Dollar Van Demos is the brainchild of husband and wife Joe and Iara Revitte, who seek out aspiring hip-hop and reggae artists, throw them in dollar vans, and film them performing while rolling through Brooklyn, all the while picking up and dropping off commuters who rely on the inexpensive mode of transportation to get them around the city.
As part of the recent Social Media Week, Dollar Van Demos invited conference participants to ride along as they shot several demos of various artists. The last ride of the day featured Kid Lucky, who beatboxes and raps simultaneously – or beat rhyming - beatboxer Grey Matter, and Zuzuka Poderosa, who performs baile funk, a form of music popular in the favelas, or slums, of her native Brazil.
Grey Matter, whose real name is Andrew Gutterson, was performing for the first time on Dollar Van Demos. “I think it's awesome,” he said before leaving from Downtown Brooklyn for Kings Plaza. “I'm actually not going to work today. I'm taking a personal day just to do this because I think it is such a cool idea.”
For Kid Lucky, performing on mass transit isn't a new experience. He is instrumental in organizing the Hip-Hop Subway Series, which brings together musicians and other artists to perform on trains. Despite those experiences, he was still dubious when Revitte kept emailing him about showcasing his talents on a dollar van driving through Brooklyn.
“I never opened the emails, and then I was doing a show at a friend's open mic and Joe approached me and was like 'yo, I'm with Dollar Van Demos,'” recalled Kid Lucky, a.k.a. Terry Lewis. “I said, 'I delete you all the time!'”
This was Kid Lucky's second time performing on Dollar Van Demos. “It's cool,” he said. “Some people will get in the van and like it, and others will be like 'I don't care, I've got to get to work.'”
Indeed, rider reactions are mixed, with some obviously enjoying the show and others feigning a cool indifference. Then there are the people who truly are just interested in reaching their destination, ignoring the performance while they send text messages from their phone or bury their head in a newspaper.
On this particular day, Dollar Van Demos had a repeat customer. Jonathan, a local high school student, was instantly recognized by Revitte when he climbed into the van.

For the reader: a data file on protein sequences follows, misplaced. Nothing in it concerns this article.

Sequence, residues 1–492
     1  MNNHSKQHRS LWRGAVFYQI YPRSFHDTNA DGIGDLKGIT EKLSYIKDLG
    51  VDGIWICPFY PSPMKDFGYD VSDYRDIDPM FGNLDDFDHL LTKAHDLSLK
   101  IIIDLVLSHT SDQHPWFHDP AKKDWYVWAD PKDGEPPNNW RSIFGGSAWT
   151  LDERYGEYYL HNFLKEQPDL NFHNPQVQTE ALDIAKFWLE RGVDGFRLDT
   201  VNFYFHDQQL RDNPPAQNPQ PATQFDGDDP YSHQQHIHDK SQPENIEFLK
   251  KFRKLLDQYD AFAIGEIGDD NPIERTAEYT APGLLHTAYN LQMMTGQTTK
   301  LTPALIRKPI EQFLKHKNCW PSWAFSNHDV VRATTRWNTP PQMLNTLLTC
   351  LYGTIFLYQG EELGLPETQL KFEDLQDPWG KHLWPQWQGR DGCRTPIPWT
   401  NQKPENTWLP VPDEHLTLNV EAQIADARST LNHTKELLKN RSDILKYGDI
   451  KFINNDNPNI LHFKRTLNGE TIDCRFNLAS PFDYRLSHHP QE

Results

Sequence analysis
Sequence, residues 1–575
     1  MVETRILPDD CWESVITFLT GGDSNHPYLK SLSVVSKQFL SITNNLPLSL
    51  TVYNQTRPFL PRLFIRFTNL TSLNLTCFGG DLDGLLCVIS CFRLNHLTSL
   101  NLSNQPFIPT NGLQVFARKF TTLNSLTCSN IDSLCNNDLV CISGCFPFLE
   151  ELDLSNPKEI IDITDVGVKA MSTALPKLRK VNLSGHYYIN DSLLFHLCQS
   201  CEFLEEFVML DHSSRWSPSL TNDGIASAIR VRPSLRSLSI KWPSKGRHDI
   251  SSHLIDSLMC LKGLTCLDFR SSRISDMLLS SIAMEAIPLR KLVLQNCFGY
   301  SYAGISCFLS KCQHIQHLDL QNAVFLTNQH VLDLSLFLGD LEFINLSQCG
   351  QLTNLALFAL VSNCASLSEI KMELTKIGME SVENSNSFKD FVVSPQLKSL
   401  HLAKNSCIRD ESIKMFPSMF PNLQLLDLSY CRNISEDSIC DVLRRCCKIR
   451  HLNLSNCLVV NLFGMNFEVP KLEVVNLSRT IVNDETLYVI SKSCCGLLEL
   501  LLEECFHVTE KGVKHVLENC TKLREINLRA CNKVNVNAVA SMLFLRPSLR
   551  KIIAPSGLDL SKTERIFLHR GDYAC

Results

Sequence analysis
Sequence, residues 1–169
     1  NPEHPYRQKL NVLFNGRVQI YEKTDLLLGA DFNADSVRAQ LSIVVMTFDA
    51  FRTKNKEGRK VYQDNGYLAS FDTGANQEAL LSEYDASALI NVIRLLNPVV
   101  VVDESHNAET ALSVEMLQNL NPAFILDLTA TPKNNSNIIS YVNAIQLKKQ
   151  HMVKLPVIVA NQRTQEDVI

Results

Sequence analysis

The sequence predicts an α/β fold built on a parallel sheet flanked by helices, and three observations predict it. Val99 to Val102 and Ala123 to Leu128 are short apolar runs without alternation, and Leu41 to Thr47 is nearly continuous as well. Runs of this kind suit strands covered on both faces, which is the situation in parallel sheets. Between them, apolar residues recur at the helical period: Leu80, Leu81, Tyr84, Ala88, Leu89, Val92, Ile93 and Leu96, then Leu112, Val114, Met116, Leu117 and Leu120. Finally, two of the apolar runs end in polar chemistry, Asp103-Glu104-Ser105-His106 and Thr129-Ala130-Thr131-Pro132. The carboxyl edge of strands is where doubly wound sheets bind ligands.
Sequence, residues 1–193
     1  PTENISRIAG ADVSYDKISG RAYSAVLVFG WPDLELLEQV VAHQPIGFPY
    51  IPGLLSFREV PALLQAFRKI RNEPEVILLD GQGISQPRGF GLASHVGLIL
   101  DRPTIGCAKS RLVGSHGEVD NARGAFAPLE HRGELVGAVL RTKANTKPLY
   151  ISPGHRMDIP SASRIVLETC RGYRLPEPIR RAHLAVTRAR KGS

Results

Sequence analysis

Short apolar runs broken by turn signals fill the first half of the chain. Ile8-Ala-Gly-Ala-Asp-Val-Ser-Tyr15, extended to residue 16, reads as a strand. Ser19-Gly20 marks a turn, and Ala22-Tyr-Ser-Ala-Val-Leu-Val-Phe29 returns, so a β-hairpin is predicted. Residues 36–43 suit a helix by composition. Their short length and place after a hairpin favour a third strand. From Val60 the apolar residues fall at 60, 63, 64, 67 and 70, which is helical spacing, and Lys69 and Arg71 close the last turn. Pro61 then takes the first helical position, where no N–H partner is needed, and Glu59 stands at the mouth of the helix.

“It was a long time ago, sometime last year,” said Jonathan of his first experience with Dollar Van Demos. Asked if he was surprised to find himself a passenger in another shoot, he said, “no, I just thought, 'here we go again.'”
The idea for Dollar Van Demos came about while Joe Revitte, a University of Colorado film school graduate and veteran of the Los Angeles film industry, said he was wallowing in “developmental hell.”
“I was sick of telling people that I was a film producer, and having no film production credits to my name,” he said.
So he and his wife rode the Brooklyn dollar vans for a couple of Saturdays working out their idea, and then approached BCAT about borrowing some cameras and using their editing equipment.
They found a sympathetic soul in Winston Williams, who owns and operates Black Street Van Line. Williams said he was happy to have Revitte film in his vehicle, and said the dollar vans are an important form of transportation, especially among New York City's Caribbean population.
"In their county, whether it be Trinidad or Jamica, they have this type of service," he said, adding that it was often faster and more econimical than taking a bus in New York City. "It'll get to you to from Point A to Point B faster because you are making less stops.”
Revitte said Dollar Van Demos has been steadily growing over the past year, even if the first few videos - posted to YouTube in February of 2009 - didn't exactly burn up the internet.
“You figure it would be easier considering a cat playing the piano on YouTube will get 10,000 views,” he joked.
But things are definitely starting to look up for Dollar Van Demos now that two of their featured artists – Joya Bravo and Wordspit - landed spots in nationwide McDonald's commercials thanks to an ad executive in Chicago coming across their videos on the internet.
"We didn't reach out to him, he approached us," said Revitte. "That would have never been possible in the days before YouTube and other social networking sites."
Revitte said Dollar Van Demos initially approached reggae and hip-hop artists because those types of acts would naturally appeal to the riding public along Flatbush Avenue in Brooklyn, but he said there are already plans to branch out with comedy and gospel acts.
"That type of music was kind of the sweet spot for the large Caribbean population in that part of Brooklyn," he said. "When we were first starting out, we didn't really want to throw a country-and-western act in a dollar van."
He is also planning on branching out from Brooklyn, too, and said that people have already requested that Dollar Van Demos shoot some demos in Queens, but Revitte is thinking even bigger than that. “I would eventually like to take it to other cities, and eventually other parts of the world,” he said.
Revitte noted that there are productions similar to Dollar Van Demos in other countries, such as Taxi Jam in South Africa and Black Cab Sessions in London, but says what makes Dollar Van Demos different is the fact that the van keeps picking up commuters.
“I think what makes us unique is that we have real passengers,” said Revitte. “They can connect and interact with the music immediately, and I think that's what draws people to Dollar Van Demos.”